Thursday, October 05, 2006

Learning From Lovejoy

Jonathan Gash (with some help from you) has already given me lessons in English as spoken in England. But that's not all one can learn from The Rich and the Profane. If Lovejoy's knowledgeable asides on antiques don't grab you, perhaps his paragraphs about the techniques of charcoal-making or the social history of drill halls will. The man and his creator are walking librarians who, in the engaging manner of librarians everywhere, love to share their knowledge.

Qiu Xiaolong's Death of a Red Heroine taught me a lot about life in 1990s Shanghai, and Lawrence Block taught me a little about stamp collecting. I learned from Janwillem van de Wetering about the interesting structure of Dutch police departments. And don't even get me started on what Robert van Gulik taught me about law and public administration in Tang Dynasty China.

That's some of what I've learned from crime fiction. What about you? What crime novels and stories taught you, transported you, made you feel that you knew a place or a subject -- or even that you had just picked up some weird but memorable piece of information you didn't know before?

© Peter Rozovsky 2006

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6 Comments:

Anonymous Stuart said...

Nicholas Freeling's Van der Valk novels provide wonderful insights into Dutch life and culture (good on food too; Freeling was a chef for a time). Sjowall and Wahloo's procedurals are excellent primers on Sweden. Several of Pierre Magnan's crime novel have now been translated and there is no-one better to give you a real feeling for la France profonde: this is not Peter Mayle territory.

October 06, 2006  
Blogger Peter said...

Thanks for what look like some excellent suggestions. Freeling was a chef for fifteen years, from what I read in my ever-at-hand Good Reading Guide to Crime Fiction. I recall being intrigued by the entry on Freeling. Thanks for making me think of him again.

Sjowall and Wahloo are classics, of course, and one review offers this tantalizing assessment of Magnan:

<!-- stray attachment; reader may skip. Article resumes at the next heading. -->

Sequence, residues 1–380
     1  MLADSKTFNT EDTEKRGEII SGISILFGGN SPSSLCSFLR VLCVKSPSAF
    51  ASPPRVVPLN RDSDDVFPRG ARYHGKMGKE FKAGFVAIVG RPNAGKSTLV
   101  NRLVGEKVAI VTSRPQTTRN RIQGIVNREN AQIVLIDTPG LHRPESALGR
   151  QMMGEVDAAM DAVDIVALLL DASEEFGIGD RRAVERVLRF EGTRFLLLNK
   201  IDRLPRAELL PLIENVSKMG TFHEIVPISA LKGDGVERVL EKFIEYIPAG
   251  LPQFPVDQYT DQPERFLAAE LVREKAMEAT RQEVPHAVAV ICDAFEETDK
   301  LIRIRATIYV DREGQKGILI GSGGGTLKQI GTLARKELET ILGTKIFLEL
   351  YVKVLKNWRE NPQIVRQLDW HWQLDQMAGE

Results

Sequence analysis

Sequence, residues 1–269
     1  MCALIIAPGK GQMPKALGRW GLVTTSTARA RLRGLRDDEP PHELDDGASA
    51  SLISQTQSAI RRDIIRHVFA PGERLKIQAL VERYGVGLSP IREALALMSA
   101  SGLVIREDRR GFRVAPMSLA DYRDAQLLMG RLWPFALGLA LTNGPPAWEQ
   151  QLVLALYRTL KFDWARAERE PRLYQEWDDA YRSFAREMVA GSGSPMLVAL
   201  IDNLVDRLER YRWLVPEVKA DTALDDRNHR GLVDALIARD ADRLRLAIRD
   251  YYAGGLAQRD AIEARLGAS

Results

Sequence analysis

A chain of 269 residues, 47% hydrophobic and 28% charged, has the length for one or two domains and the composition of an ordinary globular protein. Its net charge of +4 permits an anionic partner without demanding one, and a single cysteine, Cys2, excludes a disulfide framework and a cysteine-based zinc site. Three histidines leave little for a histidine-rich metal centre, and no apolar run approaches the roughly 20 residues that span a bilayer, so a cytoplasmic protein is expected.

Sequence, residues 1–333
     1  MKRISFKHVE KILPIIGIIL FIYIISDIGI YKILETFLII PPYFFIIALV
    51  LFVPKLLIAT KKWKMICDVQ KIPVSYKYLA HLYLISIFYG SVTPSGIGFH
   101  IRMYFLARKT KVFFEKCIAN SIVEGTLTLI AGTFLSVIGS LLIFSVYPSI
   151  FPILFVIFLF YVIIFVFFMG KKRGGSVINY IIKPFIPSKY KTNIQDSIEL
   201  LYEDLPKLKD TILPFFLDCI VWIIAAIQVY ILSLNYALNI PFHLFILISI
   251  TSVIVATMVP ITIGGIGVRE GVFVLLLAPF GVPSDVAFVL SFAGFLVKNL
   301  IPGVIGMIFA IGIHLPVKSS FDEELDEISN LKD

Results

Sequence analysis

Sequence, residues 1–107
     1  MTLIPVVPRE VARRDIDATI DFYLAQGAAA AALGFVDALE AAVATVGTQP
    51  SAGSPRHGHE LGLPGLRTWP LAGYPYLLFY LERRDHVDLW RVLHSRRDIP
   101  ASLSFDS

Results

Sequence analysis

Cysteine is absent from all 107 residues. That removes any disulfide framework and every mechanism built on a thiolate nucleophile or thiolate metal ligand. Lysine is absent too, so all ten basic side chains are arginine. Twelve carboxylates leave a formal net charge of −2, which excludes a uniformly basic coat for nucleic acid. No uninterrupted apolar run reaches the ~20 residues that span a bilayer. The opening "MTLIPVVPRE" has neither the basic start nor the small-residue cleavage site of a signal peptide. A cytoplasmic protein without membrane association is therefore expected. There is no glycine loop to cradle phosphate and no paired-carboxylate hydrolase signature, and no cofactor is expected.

"While British readers remain condemned to a dour world of Rebus, or Dalziel and Pascoe, the French have for many years been able to enjoy Pierre Magnan's extraordinary, eccentric crime novels set in Provence."(http://enjoyment.
independent.co.uk/books/reviews/
article310469.ece
) I'm sold!

October 06, 2006  
Blogger Uriah Robinson said...

The Tony Hillerman books are a very good introduction to the Navajo and Hopi culture and the geography of the area.
David Liss is master of his subject the 17th and 18th century financial markets.
Stephen Booth's Dancing with Virgins inspired me to visit the Peak District National Park one of the most beautiful areas of England.
And of course Simenon, and Freeling gave us a taste of continental Europe before it was fashionable or financially viable to visit.

October 06, 2006  
Blogger Peter said...

Hmm, I'd forgotten about Liss. Maybe that's because I thought of The Coffee Trader less as a crime novel than as a novel that happened to have some shady dealings somehere near its center. I don't remember any novel off-hand that bespeaks so much learning on the author's part and yet conveys that learning so effortlessly. It's a marvelous book.

October 06, 2006  
Anonymous crimeficreader said...

Peter, I think I may have a long list here when I get to think about it. Perhaps I ought to make a post on my own blog, when I have collected my random thoughts into some semblance of order!
Thanks for the provocation!

October 06, 2006  
Blogger Peter said...

You're quite welcome. When one can't create, one should at least provoke -- a blogger's motto, I'd say. By all means, come up with your own list, and let me know when you do.

Obviously such a list will be of special interest to readers of international crime fiction, so I'll be sure to link to it.

October 06, 2006  

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